I wonder how all of this will translate into what we find at our local garden centres over the next year or so.


  1. How interesting I will have to check this out. My impression when I first started blogging was that Uk blogs were more vegetable orientated whcih is why I liked Blotanical so much as I found ornamental blogs in the US. I think this has changed and evened out more. I'm also not convinced that anyone particularly blogs about tools or lawns regardless of where they live - boring!!!
    Nice to see that the industry is finally realising that bloggers can be influential - may be some work for us?!!

  2. Interesting. Thanks for posting this, VP. It has given me some things to think about, including this:

    1) With which of the types of garden on the list do I associate myself and my blog?

    2) Maybe there isn't much talk of "lawns" because gardeners don't think of them as being part of a garden...Some of us are even actively trying to reduce the size of the lawn, since a chemically-dosed and water-soaked lawn is not terribly friendly to the environment. Perhaps the garden industry should chew on that a bit.

  3. This is very interesting. Is good to know that we are becoming more relevant.
    Here in japan, the focus is on container gardening. There are a lot of specialized books about it, and they like growing edibles too. I think reason is the lack of space and the aging population

  4. Like Susan, I immediately began to wonder where my interests co-incided with the list. Marginally, I suppose, except in my dreams!

    Unlike Patientgardener, I thought 'that's a good point, what about the tools'? Maybe it's because almost all my working life (which wasn't long - seven years?) was in factories so 'things' interest me.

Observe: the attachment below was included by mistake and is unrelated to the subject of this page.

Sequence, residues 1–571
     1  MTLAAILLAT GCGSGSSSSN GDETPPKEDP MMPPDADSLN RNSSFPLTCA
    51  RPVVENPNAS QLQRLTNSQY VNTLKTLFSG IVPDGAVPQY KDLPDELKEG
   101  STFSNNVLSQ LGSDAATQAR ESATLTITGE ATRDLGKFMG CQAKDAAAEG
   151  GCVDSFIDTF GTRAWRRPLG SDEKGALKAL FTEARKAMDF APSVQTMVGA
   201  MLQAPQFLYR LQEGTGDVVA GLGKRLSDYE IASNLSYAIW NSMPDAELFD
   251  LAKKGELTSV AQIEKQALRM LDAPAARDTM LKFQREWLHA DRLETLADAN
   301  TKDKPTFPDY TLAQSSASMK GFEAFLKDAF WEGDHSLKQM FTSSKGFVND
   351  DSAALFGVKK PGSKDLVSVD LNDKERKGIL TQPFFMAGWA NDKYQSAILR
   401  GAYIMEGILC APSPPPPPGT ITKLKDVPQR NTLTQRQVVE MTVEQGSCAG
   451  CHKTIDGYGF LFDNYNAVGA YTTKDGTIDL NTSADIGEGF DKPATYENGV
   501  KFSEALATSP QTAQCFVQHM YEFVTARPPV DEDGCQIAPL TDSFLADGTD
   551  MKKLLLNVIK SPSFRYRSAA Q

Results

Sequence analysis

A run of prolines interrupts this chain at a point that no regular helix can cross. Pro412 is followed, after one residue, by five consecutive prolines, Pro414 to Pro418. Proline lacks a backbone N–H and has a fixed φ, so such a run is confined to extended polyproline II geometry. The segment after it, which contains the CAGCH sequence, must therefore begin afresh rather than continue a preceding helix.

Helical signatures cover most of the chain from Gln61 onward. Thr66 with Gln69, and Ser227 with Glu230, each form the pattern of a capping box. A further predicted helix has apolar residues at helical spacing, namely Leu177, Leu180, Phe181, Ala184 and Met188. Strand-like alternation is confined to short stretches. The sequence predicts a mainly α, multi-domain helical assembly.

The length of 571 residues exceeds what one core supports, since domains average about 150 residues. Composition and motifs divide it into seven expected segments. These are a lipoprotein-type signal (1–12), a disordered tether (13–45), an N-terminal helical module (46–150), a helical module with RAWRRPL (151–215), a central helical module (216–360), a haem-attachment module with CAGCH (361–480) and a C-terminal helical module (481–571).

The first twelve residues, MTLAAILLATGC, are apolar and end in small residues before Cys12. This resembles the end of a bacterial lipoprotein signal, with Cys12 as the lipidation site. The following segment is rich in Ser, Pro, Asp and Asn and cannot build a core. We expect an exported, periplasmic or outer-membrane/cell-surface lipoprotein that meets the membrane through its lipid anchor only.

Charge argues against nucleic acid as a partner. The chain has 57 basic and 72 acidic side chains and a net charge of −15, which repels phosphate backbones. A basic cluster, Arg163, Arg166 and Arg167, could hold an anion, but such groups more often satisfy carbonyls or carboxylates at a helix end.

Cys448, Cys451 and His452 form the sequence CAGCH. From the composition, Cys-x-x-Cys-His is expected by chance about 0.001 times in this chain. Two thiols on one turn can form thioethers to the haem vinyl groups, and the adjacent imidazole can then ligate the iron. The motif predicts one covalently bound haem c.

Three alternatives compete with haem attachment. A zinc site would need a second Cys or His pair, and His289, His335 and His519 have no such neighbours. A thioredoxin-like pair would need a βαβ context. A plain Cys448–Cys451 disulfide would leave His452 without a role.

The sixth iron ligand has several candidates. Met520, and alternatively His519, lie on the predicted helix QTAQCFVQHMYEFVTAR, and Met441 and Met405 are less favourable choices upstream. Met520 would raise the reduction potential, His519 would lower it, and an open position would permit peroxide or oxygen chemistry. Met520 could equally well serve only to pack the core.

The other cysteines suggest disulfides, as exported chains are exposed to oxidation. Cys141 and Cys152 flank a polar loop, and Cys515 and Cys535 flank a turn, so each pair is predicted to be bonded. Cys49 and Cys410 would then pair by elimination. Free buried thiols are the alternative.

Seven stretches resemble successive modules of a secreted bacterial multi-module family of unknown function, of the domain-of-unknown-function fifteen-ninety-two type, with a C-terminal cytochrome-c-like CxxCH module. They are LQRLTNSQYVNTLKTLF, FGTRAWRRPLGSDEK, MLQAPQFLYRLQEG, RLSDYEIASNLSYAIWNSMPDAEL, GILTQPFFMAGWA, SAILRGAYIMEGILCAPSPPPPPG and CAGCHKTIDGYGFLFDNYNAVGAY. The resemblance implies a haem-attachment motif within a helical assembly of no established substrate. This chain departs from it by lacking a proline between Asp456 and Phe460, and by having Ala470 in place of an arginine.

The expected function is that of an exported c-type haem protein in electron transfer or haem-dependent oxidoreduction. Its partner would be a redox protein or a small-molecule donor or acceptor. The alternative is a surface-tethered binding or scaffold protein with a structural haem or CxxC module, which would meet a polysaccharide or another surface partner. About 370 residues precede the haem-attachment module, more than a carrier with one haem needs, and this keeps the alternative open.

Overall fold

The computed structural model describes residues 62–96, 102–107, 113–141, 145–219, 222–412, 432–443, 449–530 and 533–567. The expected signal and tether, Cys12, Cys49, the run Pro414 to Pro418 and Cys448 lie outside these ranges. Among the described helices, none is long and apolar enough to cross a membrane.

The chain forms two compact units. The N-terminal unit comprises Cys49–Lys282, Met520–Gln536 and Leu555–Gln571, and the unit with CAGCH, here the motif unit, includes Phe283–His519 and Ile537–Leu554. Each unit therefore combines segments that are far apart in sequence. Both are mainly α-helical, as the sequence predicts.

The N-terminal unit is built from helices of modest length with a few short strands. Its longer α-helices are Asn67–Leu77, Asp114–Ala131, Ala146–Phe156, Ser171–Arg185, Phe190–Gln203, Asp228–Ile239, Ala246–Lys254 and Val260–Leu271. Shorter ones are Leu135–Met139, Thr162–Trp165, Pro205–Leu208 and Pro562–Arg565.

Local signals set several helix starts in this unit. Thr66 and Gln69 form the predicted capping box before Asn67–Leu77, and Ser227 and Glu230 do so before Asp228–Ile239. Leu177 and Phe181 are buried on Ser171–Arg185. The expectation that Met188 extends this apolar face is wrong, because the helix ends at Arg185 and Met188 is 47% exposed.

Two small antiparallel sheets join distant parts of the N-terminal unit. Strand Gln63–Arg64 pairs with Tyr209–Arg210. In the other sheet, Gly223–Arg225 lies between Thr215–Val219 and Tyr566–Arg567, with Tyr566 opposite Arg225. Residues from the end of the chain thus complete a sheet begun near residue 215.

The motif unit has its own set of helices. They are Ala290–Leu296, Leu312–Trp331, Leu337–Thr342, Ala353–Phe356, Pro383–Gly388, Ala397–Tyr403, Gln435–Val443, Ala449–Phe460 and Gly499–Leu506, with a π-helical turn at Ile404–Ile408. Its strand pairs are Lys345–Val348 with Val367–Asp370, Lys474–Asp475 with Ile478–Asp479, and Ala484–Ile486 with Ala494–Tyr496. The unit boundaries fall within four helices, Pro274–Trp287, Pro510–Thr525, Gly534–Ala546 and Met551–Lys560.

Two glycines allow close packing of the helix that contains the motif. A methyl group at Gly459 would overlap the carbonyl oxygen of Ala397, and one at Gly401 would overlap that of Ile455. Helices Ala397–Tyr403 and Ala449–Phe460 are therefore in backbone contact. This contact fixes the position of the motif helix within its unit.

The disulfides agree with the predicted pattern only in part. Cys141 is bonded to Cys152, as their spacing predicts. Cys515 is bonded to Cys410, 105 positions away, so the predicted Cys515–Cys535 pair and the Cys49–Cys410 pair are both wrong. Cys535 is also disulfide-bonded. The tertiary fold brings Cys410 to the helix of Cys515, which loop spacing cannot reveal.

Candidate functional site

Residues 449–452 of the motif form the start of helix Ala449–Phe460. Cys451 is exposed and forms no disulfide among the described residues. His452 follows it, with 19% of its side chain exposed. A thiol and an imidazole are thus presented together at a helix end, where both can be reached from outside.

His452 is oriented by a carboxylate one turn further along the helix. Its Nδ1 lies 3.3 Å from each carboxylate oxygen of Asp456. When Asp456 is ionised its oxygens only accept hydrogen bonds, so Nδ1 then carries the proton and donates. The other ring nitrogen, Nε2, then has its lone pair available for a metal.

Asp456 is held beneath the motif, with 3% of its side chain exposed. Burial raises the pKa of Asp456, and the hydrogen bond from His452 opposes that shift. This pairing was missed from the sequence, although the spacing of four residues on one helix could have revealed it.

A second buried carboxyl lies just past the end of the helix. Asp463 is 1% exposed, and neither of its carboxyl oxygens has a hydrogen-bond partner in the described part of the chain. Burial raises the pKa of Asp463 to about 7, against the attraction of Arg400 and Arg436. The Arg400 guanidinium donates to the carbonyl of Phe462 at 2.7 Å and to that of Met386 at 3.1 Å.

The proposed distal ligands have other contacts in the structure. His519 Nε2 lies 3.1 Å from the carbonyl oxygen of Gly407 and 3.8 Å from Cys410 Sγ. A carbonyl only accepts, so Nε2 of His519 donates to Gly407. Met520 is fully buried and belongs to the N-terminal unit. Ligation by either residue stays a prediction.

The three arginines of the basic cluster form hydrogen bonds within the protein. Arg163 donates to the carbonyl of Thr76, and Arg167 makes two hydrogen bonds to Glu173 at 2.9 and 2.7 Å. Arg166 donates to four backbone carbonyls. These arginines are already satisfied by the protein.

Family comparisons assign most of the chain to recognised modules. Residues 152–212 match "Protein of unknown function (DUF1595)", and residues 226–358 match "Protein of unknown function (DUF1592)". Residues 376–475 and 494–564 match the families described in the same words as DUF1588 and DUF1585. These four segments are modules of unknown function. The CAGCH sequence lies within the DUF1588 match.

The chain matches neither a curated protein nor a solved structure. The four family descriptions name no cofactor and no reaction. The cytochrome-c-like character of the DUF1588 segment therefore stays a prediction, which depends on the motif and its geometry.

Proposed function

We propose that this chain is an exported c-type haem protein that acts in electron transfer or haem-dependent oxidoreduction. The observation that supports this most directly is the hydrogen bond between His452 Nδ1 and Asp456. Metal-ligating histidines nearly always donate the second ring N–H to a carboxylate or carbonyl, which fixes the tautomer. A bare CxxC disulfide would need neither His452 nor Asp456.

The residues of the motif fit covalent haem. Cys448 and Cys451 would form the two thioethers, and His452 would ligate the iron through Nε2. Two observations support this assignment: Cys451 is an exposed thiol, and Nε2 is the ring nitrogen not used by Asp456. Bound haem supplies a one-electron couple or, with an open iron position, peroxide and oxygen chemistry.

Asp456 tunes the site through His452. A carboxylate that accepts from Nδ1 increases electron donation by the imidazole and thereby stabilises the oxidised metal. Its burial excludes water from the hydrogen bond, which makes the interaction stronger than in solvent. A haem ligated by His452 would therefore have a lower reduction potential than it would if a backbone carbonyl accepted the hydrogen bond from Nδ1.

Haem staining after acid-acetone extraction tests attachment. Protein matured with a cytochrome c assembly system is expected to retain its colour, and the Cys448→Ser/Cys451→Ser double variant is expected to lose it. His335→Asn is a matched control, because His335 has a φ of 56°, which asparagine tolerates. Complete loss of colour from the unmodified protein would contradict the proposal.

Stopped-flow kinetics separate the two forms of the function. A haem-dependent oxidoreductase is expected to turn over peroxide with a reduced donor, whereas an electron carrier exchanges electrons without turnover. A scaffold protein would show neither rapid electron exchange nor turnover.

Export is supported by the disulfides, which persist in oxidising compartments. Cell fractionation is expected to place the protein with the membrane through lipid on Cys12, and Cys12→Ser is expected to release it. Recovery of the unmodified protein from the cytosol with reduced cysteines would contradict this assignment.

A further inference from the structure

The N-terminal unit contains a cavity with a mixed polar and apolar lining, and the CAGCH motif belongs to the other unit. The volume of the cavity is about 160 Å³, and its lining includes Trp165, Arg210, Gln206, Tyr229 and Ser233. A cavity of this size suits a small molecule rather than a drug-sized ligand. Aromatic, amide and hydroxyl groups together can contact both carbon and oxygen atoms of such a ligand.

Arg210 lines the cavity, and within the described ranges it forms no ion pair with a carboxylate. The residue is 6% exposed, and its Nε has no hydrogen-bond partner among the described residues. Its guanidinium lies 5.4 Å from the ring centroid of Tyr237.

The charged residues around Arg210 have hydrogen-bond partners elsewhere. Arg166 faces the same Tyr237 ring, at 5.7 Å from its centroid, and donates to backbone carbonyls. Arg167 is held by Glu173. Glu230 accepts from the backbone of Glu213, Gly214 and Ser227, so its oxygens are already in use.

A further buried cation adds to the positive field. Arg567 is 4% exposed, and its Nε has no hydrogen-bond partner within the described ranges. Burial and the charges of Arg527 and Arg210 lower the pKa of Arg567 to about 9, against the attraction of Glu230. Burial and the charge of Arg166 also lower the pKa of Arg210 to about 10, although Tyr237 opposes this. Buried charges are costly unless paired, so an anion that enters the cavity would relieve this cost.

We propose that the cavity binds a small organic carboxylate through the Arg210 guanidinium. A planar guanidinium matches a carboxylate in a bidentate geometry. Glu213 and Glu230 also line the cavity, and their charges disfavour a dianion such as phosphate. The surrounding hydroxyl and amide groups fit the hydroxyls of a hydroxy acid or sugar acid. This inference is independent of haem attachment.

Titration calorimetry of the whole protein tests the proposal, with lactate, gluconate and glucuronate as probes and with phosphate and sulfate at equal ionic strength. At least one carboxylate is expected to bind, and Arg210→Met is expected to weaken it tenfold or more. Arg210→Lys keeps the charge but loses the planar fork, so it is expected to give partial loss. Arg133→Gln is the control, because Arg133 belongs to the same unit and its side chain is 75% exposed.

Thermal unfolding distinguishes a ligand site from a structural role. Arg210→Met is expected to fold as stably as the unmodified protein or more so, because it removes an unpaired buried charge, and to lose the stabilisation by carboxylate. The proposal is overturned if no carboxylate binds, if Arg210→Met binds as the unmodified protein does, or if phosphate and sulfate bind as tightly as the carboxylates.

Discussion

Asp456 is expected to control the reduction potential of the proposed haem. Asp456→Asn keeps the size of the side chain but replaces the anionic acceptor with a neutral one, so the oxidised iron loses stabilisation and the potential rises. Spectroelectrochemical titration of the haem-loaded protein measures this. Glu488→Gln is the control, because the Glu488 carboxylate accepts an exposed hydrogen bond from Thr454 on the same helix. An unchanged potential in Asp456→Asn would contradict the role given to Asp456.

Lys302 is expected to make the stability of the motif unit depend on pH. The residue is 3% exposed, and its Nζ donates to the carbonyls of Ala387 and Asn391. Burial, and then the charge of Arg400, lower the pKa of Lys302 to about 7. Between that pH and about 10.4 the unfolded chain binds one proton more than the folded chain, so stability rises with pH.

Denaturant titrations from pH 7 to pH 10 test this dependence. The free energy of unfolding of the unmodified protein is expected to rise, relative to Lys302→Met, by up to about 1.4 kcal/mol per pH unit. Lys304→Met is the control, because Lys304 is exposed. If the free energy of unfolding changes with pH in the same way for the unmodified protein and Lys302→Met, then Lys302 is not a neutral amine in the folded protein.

I've mentioned you on my Boring Blog post today

    it's in relation to parks and roundabouts. Hope it's ok.


  5. it will be interesting to see how thier marketing alters to take in blogger demographics.

  6. Haha - I have NO idea which catagory my blogging would fit into! (and I can't blog about tools as they all got destroyed in the arson attack!)
    Thanks for an intesting post VP.

  7. Hi VP, an interesting post. I imagine the industry is interested in capturing a market. But I must say if I started finding lots of advertising on blogs I'd probably stop reading those. Even those people who review books etc. don't usually get my vote. vis a vis your comment on Patient Gardens review of Monty Don's book about Italian Gardens. I live in Viterbo (a section of the book according to PG) and am lucky enough to enjoy the incredible late Renaissance and Mannerist gardens here, but sadly I can also confirm that gardens and gardening are no longer a major interest to Italians. They all grow food, olives etc but ornamentals are pretty unusual now; there are exceptions of course. If you wanted to see images of features that aren't in the book, yet me know and I'll post them. I have hundreds of images of the local gardens as I also teach about Rrenaissance gardens to visiting students. Christina

  8. What a lovely, interesting post - thank you.